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In brainstorming how this could have happened, my thought is that perhaps since the Klipsch are large full range speakers that play quite low, perhaps the higher SPL reading you got from them, playing wide band pink noise, was due to the elevated low end response resulting from significant room gain in the lower freqeuncies that the MT-110 would not get due to its much shallower roll off? I know my tower speakers have very significant low frequency room gain/room mode peaks that drastically boost SPL compared to a bookshelf that rolls off below 80 Hz. An AVR will be measuring full range SPL capability of each speaker when setting levels. Just a thought?

I dunno, on the other hand, surely an AVR is capable of detecting sensitivity in the 300-10 KHz region to get an accurate sense of how loud a speaker is playing…..
If worried about sensitivity op should had gotten duel woofer version, but turning the volume up 2db isn’t a big deal if it’s calibrated well . Does not automatically make it better then Klipch, sound quality is what matters .
 

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Discussion Starter · #30 ·
If worried about sensitivity op should had gotten duel woofer version, but turning the volume up 2db isn’t a big deal if it’s calibrated well . Does not automatically make it better then Klipch, sound quality is what matters .
If i was worried about sensitivity I would have indicated that but i'm not worried about anything other than if there was some unknown detriment to having a horizontal MT configuration.
 

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If i was worried about sensitivity I would have indicated that but i'm not worried about anything other than if there was some unknown detriment to having a horizontal MT configuration.
Once we rotate the horn everything is the same for the MT110(on/off axis).

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Discussion Starter · #32 ·
Once we rotate the horn everything is the same for the MT110(on/off axis).

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This make sense to me but you dont know what you dont know and it is so rare to see horizontal MT designs that I thought just maybe there was some small reason it is avoided. Thanks Tom.
 

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This make sense to me but you dont know what you dont know and it is so rare to see horizontal MT designs that I thought just maybe there was some small reason it is avoided. Thanks Tom.
It is mostly consumer perception driven. People expect to see a center channel that has a traditional front baffle ratio...much wider than tall.

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You should never measure sensitvity with full bandwidth pink noise and a SPL meter

The only thing you are getting is the peak SPL at a peak frequency, not the broadband sensitivity reading.

In the Klipsches case, it has an advantage because it can go to lower frequencies than the PSA which demands and is made specifically for subwoofers. Since low frequencies are room dependent, you have massive swings in frequency response so your SPL meter might be reading one of those big peaks caused by your room. The PSA by not generating deep bass will not excite those room modes so that throws off the SPL meter. Be aware that if the Klipsch is inaccurate or has rising response, the SPL meter wlll measure whatever the peak is.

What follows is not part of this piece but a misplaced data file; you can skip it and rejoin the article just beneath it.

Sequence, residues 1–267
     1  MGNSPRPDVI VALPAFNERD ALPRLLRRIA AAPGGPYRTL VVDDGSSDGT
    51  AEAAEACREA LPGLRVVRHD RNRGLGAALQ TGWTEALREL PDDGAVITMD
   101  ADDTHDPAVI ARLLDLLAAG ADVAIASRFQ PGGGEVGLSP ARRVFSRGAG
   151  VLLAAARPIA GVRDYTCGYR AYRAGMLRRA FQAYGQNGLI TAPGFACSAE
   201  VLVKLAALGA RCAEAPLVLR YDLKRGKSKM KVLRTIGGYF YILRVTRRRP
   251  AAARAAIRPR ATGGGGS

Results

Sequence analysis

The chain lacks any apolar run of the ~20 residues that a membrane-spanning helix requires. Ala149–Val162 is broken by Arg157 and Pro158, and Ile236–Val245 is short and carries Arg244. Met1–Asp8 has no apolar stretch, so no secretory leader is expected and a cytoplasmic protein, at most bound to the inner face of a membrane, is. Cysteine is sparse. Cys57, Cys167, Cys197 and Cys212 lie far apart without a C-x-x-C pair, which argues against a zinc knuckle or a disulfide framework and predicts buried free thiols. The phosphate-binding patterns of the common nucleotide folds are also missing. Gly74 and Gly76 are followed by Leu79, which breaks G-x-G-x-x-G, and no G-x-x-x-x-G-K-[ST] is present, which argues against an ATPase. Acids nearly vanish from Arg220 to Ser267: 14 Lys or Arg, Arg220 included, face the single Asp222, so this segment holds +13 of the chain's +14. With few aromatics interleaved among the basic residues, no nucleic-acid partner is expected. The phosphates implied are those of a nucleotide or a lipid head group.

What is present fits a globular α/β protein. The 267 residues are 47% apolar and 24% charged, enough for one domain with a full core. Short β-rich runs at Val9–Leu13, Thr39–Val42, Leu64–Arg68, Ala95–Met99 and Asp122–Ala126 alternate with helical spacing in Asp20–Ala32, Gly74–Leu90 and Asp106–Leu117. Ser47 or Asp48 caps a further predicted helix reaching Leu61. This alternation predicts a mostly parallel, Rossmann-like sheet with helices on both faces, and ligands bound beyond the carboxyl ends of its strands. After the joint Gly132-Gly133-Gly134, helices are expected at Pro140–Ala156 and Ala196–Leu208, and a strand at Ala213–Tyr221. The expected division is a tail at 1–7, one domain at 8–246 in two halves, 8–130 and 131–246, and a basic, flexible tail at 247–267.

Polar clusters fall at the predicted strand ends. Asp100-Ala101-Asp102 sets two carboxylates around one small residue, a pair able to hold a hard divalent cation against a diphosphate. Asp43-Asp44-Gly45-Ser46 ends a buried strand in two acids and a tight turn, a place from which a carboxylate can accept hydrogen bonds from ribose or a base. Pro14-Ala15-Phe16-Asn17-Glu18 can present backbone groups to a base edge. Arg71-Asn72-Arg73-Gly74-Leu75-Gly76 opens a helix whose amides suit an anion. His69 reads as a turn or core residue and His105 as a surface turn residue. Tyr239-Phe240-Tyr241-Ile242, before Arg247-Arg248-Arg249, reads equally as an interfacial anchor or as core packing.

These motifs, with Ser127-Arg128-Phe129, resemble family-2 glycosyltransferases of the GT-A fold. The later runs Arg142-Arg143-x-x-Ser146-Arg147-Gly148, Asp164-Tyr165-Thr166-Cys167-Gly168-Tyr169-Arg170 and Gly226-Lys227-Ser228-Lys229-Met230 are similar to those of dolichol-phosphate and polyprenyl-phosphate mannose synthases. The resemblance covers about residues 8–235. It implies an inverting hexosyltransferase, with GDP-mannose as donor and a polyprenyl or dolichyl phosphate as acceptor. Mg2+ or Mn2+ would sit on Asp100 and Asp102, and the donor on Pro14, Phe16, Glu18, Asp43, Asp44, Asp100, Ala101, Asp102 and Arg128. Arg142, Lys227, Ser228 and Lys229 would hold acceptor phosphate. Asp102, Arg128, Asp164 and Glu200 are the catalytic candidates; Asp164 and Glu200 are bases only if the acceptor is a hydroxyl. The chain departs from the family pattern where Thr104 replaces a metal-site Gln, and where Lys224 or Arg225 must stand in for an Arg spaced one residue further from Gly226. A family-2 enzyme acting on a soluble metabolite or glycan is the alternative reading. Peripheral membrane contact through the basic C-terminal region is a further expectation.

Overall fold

The correct way would be to measure speakers outside and do a sweep from say 100Hz to 10KHz and get the frequency response measurement in there. A quickie in room I'd limit the sweep from 300Hz to 10KHz to minimize room issues when it comes to bass. Pink noise is used for Real Time Analyzers to measure all the frequencies at once as it graphs the full bandwidth from a minimum of 1 octave to 1/3rd octave or higher.

So if you care to get any form of accuracy, take the speakers out of the room and compare tone sweeps of the two speakers with the same bandwidth they are rated to do.

Why should you not put speakers horizontal? Well, speakers generate lobes and when they are vertically oriented, generate vertical lobes. Why don't humans generally don't hear those vertical lobes is because our ears, being on either sides of our heads are horizontal so both ears are on the same plane so are located in the same vertical lobe. You would have to do deep knee bends to move your ears vertically through the lobing to detect it. Lobing is a known problem for people that ride pogo sticks ;)

The issue arrises when you lay the speaker horizontal--now the vertical lobes become horizontal lobes so each ear can be (but not always) be in a different lobe. Human hearing is always on the hunt for differences in sound between our ears as that is how our brain calculates such things like how big something is, calculates distances and location of sound. Our HORIZONTAL hearing accuracy is very good, we are ground dwellers and stand upright and our enemies are on the ground. It makes sense that we hear that way and why our ears are not at the top of our heads like rabbits. After all, any sound from up in the air that will eat us is not as common as ground level enemies. Basically our vertical abilites are poor so when startled, we tend to look up to verify what we hear.

You might have noticed most multi-driver speakers are vertical, the most extreme of these are vertical line arrays--they even have vertical in the name! They throw up to dozens of vertical lobes which look nasty when testing with microphones and test gear. No problem though, they are vertical lobes so unless you use them with trampolines, you won't hear the lobes. However! You must never, ever lay them horizontal because those dozens of lobes will then be easily detected by the horizontall arangement of your ears. For this reason you'll never see a vertical line array laying on it's side above a stage--sure would save a ton of space if they could though.

You might have read the drama over horizontal "center" channels that are 2-way with the woofer/tweeter/woofer design. Those designs,when not done exacty right will throw horizontal lobes which can be heard by both ears as a difference in sound. Easy test to detect horizontal lobing. You can put someone talking through the speaker (in mono for accuracy) then slowly pivot your head side-to-side and if you hear the sound changing with your head movement, that is the horizontal lobing. So easy an audiophile can do it! ;)

Generally speaking, you should not lay a speaker on it's side unless it is specifcally designed correctly to do so. Coaxials, 3 way center channels and the rare 2-way can do this without issues. I saw a "horizontal line array" and it was curved inward to focus the energy together, it can be done...but answers a question kind of design (look cool and is LOUD for the win!)

For more information on vertical lobing, read about infinite line sources--the math/physics behind line arrays. To get actual test data, go to Audio Science Review and look at their speaker testing and compare vertical VS horizontal accuracy, for the most part the horizontal accuracy is far better than the vertical as that wiil give you an answer of what happens when you change from vertical to horizontal. Some speakers it won't make much difference but most speakers it will make a huge difference so let the measuremets be your guide.

Cheers! :)